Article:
Search Solutions 2022 Highlights

Search Solutions 2022 Highlights

Key Takeaways from the British Computer Society Annual Conference on Search

Last week we attended Search Solutions 2022 in London where Phil Lewis our CTO gave a presentation on ‘Practical Applications of Knowledge Graphs and AI in Search’. For those of you who don’t know, Search Solutions is the British Computer Society Information Retrieval Specialist Group’s annual event focused on practitioner issues in the arena of search and information retrieval. More information can be found here: BCS IRSG It was a well organised informative event with presentations from a range of organisations all focused on aspects of search and retrieval.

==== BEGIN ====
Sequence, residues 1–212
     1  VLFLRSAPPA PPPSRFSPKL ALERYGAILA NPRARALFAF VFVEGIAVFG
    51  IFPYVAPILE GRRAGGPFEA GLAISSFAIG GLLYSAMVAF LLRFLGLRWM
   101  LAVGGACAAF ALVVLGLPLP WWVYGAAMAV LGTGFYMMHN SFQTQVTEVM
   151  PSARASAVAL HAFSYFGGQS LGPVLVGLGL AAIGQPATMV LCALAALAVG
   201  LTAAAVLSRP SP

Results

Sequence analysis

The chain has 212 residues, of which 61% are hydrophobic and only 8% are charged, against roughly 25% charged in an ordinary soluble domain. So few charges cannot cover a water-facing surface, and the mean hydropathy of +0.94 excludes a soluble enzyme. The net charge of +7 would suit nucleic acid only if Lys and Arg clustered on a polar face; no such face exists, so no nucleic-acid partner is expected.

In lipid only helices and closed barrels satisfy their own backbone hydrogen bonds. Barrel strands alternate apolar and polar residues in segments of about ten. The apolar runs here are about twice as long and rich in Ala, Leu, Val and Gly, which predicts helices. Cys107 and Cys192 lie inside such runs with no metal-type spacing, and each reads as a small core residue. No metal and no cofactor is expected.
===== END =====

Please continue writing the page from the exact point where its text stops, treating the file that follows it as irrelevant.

The agenda was divided into four sessions each with a different theme. Here are my takeaways.

Session 1: The Search Experience: Focus on the Users

There were two presentations in the first session.

LexisNexis: How to conduct empathetic user research to test the search experience of users

For me, the key takeaways from this presentation were “You are not your user,” to provide an excellent search experience you need to understand user behaviour through both quantitative and qualitative research. And at the end of the day people just want to find the information they need as quickly as possible. The presenter referenced the Golden Circle theory developed by Simon Sinek and the importance of organisations understanding why they do what they do. Ergo, the need to take feedback from users.

State Library of Queensland (via video link): The Topography of Searching: Visualising search data